WASHINGTON (Reuters) - The U.S. Federal Reserve concluded its latest two-day policy meeting on Wednesday to set a key U.S. interest rate that impacts investors, consumers, and companies around the world.
After closed-door deliberations, policymakers announced at 2 p.m. EDT (1800 GMT) that they’d cut the benchmark rate that banks charge each other for overnight loans by a quarter of a point, as they try to keep the world’s largest economy stable and inflation under control.
Here’s a primer on how the nation’s central bank decides monetary policy:
Fed policymakers include the five current members of the central bank’s board of governors, all based in Washington, and the 12 heads of the regional Fed banks located around the country, from Boston to Atlanta to Kansas City to San Francisco.
The governors are nominated by the U.S. president, confirmed by the Senate, and serve 14-year terms. The current set-up is based on a system signed into law by President Woodrow Wilson in 1913, but it can trace its roots to the first Treasury Secretary Alexander Hamilton.
Jerome Powell, a former investment banker, chairs the Fed’s board of governors, and is seen as the world’s most powerful central banker due to the outsized influence the Fed’s decisions have on financial markets around the world.
He took up the post in February 2018 after being nominated by President Donald Trump, who has since taken to railing against the Fed chief and the central bank for not making deeper rate cuts.
Fed bank chiefs are picked by their local boards, not by politicians, and serve five-year terms that are typically renewed until retirement.
No. Although all 17 policymakers take part in two days of deliberations, only the 10 members of the Federal Open Market Committee vote on interest rates.
Each Fed governor has a permanent vote, as does the head of the New York Fed. The remaining four votes are rotated annually among the other 11 regional Fed presidents in a design that is meant to balance the views of those who are politically appointed with those more closely tied into local economies.
This year, the heads of the Boston, Kansas City, St. Louis and Chicago Fed banks have a vote. Voters and non-voters alike participate in the discussions about setting interest rates and contribute to the FOMC’s assessment of the economy and monetary policy options.
The nation’s 17 central bankers meet eight times a year, or roughly every six weeks, at the Fed’s headquarters in Washington.
They gather in a large boardroom for a two-day discussion each time. Their decision on interest rates is then released simultaneously by the media and on their website at 2 p.m. ET on the second day of the meeting, nearly always a Wednesday.
Since January, Powell has held a news conference after every meeting that has been streamed live on the Fed’s website at 2:30 p.m. ET, where he explains the committee’s reasons for their decision and answers questions from reporters.
The policymakers base their assessment on whether to raise, hold steady or cut interest rates on how they think the economy is currently performing and how they think it will do in coming months.
At every policy meeting, Fed staff present an overview of the data that has come in since the last meeting.
Those data points include the Labor Department’s monthly jobs report and other economic growth indicators, inflation measures, and consumer and business sentiment surveys.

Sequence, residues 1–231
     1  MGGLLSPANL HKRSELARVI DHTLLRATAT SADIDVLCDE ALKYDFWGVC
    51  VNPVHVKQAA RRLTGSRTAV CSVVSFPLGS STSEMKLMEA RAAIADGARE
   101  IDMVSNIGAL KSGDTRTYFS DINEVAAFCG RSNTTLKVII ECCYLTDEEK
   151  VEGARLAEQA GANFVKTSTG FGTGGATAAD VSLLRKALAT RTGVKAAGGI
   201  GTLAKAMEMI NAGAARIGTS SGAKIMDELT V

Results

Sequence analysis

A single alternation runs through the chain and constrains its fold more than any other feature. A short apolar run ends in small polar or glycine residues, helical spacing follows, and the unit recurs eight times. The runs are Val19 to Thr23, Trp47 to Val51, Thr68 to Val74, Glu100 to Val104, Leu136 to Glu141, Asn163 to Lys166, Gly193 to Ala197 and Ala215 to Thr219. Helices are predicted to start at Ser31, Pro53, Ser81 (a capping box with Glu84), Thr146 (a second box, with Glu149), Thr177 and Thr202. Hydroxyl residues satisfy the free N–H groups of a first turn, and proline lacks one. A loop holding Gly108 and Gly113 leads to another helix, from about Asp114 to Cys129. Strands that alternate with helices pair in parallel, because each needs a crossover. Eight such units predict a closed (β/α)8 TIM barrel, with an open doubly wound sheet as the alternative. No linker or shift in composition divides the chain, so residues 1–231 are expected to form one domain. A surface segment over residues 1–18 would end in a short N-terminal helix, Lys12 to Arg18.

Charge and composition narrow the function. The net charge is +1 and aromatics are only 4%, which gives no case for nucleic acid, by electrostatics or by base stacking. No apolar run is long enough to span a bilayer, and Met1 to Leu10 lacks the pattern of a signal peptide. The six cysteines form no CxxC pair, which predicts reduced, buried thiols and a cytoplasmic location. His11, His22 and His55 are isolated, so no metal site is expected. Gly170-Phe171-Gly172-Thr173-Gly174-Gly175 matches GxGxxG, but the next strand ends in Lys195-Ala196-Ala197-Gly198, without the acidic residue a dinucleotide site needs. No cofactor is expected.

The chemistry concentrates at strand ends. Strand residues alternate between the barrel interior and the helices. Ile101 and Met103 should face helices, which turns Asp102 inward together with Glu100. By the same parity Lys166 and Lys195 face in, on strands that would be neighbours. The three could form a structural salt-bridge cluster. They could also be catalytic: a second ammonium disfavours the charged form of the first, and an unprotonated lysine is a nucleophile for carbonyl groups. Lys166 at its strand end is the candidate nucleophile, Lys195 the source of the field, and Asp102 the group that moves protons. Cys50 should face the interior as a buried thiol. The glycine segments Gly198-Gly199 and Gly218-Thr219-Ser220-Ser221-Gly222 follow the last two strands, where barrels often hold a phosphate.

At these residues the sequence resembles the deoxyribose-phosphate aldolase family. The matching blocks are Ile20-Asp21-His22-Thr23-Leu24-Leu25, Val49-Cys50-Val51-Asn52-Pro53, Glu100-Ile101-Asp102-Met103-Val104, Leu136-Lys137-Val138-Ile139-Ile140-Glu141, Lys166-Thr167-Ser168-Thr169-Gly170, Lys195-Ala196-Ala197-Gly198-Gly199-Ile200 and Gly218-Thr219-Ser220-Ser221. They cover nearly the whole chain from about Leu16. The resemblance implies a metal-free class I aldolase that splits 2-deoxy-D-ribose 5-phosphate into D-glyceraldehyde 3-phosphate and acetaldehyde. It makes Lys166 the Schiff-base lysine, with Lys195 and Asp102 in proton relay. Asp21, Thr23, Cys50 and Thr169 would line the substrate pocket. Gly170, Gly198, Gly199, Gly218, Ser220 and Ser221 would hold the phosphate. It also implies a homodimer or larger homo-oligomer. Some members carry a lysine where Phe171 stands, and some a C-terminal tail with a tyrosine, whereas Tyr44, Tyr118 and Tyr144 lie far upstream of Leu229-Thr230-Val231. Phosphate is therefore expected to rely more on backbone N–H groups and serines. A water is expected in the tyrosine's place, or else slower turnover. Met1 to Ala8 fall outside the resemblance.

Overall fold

Policymakers usually take turns giving their view of the economy. They often reference the situation in their own part of the country and their own conversations with local business leaders.
By the second day of the meeting, the discussion usually focuses on the policy decision itself, meeting transcripts that are released five years later show. Policymakers deliberate on the exact language that will be used to describe their decision, possible versions of which will have been circulated internally beforehand.
The Fed sets a target range for the rate banks charge each other for overnight lending, known as the federal funds rate. Changes in that rate typically affect the longer-term rates that banks charge customers, and determine borrowing costs for mortgage, credit card, and business loans. The Fed does not control those rates directly.
To keep the fed funds rate within its targeted range, the Fed uses a number of tools, including the interest rate it pays to banks for holding excess reserves at the central bank, and the rate it pays on certain money market operations.
After raising the central bank’s key overnight lending rate to a target range of 2.25% to 2.5% in December 2018, the Fed reversed gear this year in the face of slowing global growth and the negative impact of the U.S.-China trade war on the U.S. manufacturing sector and business investment.
In what Powell has described as “insurance” against those headwinds, the Fed cut interest rates by a quarter of a percentage point in July. It followed that with another quarter-percentage point cut at its meeting in September, and then Wednesday’s cut.
Those decisions were not unanimous. At the September meeting, the committee voted 7-3 for a rate cut. Of the three policymakers who dissented, two wanted the Fed to keep rates unchanged and a third wanted a deeper cut. At the Oct. 29-30 meeting, the vote in favor of cutting rates was 8-2.
When views within the Fed are divided, the central bank’s chief will sometimes make small changes to the statement describing the policy move so as to win support from as broad a group as possible.
Reporting by Lindsay Dunsmuir and Ann Saphir; Editing by Heather Timmons, Paul Simao and Andrea Ricci